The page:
Bloomberg News

Thailand Arrests Hezbollah Terror Suspect, U.S. Warns of Attack

January 25, 2012

Jan. 13 (Bloomberg) -- Thailand said it arrested a Lebanese terror suspect less than three hours after the U.S. warned of a possible attack in Bangkok and urged citizens to exercise caution in public areas.

Thai police arrested a suspect linked to Iran-backed terror group Hezbollah, Deputy Prime Minister Chalerm Yoobamrung told reporters. Prime Minister Yingluck Shinawatra confirmed that police had made an arrest.

“The situation is normal,” Police Chief Priewpan Damapong told reporters. “There is nothing to worry about.”

The U.S. warned today in an “emergency message” that “foreign terrorists may be currently looking to conduct attacks against tourist areas in Bangkok in the near future.” U.S. Ambassador Kristie Kenney said on Twitter the threat is “Bangkok specific” and “credible.”

Thailand, a U.S. treaty ally that sent troops to Iraq in 2003, depends on tourism for about 7 percent of gross domestic product, according to the government. The benchmark SET Index fell 0.7 percent, the most in a month, after the U.S. warning.

Minor International Pcl, Thailand’s biggest hotel operator, dropped 3.4 percent, the most in seven weeks, Dusit Thani Pcl slumped 4 percent and Shangri-la Hotel Bangkok Pcl fell 3.1 percent. Thailand had about 19 million tourist visits last year, according to official statistics.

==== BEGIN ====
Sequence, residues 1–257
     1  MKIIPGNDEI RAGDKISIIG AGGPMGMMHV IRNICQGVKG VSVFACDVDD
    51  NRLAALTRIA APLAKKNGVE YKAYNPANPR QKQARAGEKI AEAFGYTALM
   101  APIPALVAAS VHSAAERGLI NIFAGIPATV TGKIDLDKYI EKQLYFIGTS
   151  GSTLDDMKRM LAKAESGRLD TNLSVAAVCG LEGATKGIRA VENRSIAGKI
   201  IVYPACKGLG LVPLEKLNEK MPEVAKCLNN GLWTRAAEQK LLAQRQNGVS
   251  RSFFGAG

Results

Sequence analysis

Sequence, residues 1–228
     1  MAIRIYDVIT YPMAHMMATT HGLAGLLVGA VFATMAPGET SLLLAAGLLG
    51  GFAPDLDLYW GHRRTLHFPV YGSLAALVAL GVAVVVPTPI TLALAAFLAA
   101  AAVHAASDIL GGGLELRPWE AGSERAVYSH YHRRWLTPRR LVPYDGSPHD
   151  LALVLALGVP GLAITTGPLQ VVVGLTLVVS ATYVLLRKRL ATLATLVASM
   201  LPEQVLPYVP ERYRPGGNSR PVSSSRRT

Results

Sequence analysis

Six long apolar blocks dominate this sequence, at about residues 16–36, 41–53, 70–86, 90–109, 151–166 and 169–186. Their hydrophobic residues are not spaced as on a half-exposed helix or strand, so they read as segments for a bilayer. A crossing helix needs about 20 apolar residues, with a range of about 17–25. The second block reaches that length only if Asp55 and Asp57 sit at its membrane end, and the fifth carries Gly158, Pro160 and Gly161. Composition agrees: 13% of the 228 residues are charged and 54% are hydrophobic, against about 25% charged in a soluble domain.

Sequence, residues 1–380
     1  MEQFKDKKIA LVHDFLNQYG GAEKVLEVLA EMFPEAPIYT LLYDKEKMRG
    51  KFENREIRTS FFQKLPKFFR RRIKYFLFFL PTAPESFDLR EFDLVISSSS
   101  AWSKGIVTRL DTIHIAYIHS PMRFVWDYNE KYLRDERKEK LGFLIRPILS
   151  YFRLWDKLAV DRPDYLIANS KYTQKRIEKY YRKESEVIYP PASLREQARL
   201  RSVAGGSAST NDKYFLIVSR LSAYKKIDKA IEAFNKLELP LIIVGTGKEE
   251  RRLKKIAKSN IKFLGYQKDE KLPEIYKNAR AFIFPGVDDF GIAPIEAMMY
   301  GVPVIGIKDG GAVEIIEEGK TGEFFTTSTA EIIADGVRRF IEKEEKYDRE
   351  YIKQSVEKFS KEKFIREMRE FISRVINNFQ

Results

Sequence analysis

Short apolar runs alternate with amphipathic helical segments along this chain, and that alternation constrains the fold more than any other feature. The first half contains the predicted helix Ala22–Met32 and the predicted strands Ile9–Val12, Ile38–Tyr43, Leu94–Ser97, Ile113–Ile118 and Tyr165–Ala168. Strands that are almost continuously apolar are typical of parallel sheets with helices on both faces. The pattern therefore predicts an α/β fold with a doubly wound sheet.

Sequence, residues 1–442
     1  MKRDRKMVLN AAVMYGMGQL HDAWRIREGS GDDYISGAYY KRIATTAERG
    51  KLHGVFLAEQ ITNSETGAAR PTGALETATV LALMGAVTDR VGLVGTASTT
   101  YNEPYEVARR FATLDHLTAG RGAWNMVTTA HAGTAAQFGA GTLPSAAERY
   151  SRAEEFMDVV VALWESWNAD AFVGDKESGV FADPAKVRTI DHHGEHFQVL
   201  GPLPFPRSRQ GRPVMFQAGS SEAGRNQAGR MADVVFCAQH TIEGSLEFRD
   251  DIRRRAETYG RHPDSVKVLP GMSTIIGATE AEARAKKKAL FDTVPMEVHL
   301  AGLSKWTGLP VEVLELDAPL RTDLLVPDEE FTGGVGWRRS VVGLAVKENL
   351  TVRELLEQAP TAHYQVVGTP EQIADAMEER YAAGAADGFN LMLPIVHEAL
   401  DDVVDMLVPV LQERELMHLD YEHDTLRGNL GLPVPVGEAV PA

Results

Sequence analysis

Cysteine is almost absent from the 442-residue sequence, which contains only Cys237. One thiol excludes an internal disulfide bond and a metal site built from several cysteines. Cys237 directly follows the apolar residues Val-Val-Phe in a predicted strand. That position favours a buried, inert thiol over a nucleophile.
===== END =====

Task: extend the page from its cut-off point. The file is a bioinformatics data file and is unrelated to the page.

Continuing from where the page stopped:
INN News cited Chalerm as saying two suspects were arrested. The threat is probably related to U.S. moves to sanction Iran over its nuclear weapons program, according to Anthony Davis, a Bangkok-based analyst at IHS Jane’s.

Iranian Tensions

The U.S. is “looking at pro-Iranian groups that might possibly react to what may very well go down in the Straits of Hormuz and possibly beyond,” Davis said. “It seems unlikely that terrorist attacks would be launched before the situation in the Middle East has escalated significantly.”

Tensions over the ratcheting up of sanctions led Iranian Vice President Mohammad Reza Rahimi to threaten on Dec. 27 that Iran may block the Strait of Hormuz, the transit for about a fifth of the world’s oil, if the European Union bans exports from the Islamic Republic.

U.S. Treasury Secretary Timothy F. Geithner visited China and Japan this week to build support for tighter Iranian economic sanctions after international monitors detected an acceleration in the nation’s nuclear development program. Ally Japan pledged to reduce Iran oil imports after China rejected a similar move.

Hambali, the suspected leader of al-Qaeda in Southeast Asia and Jemaah Islamiyah’s operations chief who also goes by the name Riduan Isamuddin, was captured in Thailand in 2003 and is now in U.S. custody.

--With assistance from Suttinee Yuvejwattana and Supunnabul Suwannakij in Bangkok. Editors: Tony Jordan, Jake Lloyd-Smith

To contact the reporter on this story: Daniel Ten Kate in Bangkok at dtenkate@bloomberg.net

To contact the editor responsible for this story: Peter Hirschberg at phirschberg@bloomberg.net


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